The Hluhluwe–Imfolozi Park is in KwaZulu-Natal. Proclaimed in 1895, it is the oldest park in Africa. Initially two separate reserves, Hluhluwe and Umfolozi, they were joined to create a single 96 000 hectare "Big Five" reserve which is home to one-fifth of the world's black and white rhino population. Apart from the other members of the "Big 5" (lion, leopard, elephant and buffalo), its rich plant-life, grasslands and forests support a wide variety of other game animals.
The north of the park is known as the Hluhluwe area. It is more rugged and mountainous with forests and grasslands, whilst in the Umfolozi area, found to the south near the Black and White Umfolozi rivers, there are some deep valleys, but also vast stretches of open savanna.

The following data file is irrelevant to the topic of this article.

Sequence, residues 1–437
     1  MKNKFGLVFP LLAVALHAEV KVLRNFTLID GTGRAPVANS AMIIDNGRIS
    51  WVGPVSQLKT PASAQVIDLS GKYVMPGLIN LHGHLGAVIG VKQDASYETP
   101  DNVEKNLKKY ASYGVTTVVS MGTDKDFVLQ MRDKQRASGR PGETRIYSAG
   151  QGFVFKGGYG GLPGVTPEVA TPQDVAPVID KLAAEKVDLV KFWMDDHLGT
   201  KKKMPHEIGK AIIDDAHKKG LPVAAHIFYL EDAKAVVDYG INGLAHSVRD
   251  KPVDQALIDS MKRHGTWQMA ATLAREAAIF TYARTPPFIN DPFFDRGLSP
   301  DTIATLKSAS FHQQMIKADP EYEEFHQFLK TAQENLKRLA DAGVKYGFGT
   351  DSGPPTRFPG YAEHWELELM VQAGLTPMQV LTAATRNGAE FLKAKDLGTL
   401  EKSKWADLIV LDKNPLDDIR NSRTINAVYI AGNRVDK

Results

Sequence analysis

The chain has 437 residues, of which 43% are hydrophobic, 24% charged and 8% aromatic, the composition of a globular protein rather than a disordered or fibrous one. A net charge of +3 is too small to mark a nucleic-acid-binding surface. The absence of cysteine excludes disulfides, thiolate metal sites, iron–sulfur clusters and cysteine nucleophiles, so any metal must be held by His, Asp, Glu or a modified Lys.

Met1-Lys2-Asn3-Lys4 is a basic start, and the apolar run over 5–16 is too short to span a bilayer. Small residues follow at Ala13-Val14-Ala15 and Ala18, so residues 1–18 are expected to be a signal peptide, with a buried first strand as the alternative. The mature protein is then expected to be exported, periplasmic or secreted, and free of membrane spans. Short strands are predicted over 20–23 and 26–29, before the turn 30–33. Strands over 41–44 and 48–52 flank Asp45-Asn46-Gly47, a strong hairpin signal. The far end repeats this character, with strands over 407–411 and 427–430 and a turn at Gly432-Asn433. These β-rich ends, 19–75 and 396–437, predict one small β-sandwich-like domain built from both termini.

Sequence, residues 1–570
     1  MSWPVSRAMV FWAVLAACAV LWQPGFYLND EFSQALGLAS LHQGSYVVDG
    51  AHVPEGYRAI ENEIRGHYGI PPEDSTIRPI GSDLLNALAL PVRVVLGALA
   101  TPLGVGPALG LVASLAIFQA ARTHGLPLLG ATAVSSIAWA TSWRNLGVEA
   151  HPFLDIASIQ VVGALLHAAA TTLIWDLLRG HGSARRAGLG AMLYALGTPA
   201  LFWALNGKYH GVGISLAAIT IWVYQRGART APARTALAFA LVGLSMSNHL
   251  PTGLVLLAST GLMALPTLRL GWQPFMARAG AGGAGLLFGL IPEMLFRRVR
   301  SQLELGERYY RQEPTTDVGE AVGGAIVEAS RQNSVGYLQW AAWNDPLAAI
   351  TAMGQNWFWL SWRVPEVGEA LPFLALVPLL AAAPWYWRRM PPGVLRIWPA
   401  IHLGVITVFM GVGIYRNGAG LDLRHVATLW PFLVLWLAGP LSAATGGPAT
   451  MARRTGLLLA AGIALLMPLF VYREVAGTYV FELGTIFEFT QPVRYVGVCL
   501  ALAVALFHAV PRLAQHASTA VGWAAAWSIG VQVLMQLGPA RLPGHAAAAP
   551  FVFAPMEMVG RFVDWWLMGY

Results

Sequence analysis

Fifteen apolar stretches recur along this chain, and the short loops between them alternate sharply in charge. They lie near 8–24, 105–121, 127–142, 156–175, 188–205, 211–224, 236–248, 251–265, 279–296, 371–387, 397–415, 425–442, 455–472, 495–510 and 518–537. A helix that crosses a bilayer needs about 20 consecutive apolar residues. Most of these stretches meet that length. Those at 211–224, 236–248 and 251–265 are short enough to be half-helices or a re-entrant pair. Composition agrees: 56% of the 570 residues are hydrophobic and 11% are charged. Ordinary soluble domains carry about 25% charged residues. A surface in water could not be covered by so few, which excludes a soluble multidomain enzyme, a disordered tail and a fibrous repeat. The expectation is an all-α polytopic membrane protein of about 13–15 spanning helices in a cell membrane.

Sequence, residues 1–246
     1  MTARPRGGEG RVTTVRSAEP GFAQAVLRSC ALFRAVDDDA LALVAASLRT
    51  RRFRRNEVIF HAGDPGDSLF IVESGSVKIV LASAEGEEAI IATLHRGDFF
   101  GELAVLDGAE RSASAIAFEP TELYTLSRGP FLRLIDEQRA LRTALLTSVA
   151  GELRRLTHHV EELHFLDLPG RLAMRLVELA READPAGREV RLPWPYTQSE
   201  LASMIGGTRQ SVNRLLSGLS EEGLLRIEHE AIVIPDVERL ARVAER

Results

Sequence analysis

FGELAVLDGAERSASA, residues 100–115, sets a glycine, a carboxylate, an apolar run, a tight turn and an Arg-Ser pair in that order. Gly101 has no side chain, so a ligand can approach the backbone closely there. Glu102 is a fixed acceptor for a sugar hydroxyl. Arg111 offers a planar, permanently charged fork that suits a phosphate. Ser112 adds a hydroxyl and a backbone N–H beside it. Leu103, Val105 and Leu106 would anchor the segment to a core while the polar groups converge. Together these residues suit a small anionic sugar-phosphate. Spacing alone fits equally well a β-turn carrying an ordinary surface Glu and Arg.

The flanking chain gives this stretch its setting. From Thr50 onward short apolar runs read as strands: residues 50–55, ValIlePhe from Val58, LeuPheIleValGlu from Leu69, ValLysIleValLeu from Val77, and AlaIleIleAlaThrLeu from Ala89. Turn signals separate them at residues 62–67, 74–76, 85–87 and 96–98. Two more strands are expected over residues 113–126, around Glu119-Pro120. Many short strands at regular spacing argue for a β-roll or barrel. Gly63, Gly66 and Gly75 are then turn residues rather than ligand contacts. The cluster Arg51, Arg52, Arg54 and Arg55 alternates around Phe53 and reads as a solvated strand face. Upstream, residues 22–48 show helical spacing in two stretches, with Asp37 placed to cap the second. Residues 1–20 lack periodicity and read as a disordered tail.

It was here that the internationally acclaimed Operation Rhino started in the 1960's, successfully capturing and relocating white rhino to reserves within South Africa and abroad. The Hluhluwe–Imfolozi Park was the first reserve to introduce walking safaris and its Wilderness Trails are internationally renowned.
The park offers a variety of accommodation and activities such as self guided walks, auto-trails and guided game drives. Being a national park, visitors are allowed to drive through the park in their own vehicle (a 4x4 is not required), but may only disembark at the official picnic sites. The viewing hides overlook pans and waterholes are particularly popular, as the enable visitors to see animals at close range and in an absolutely peaceful setting. (ITT)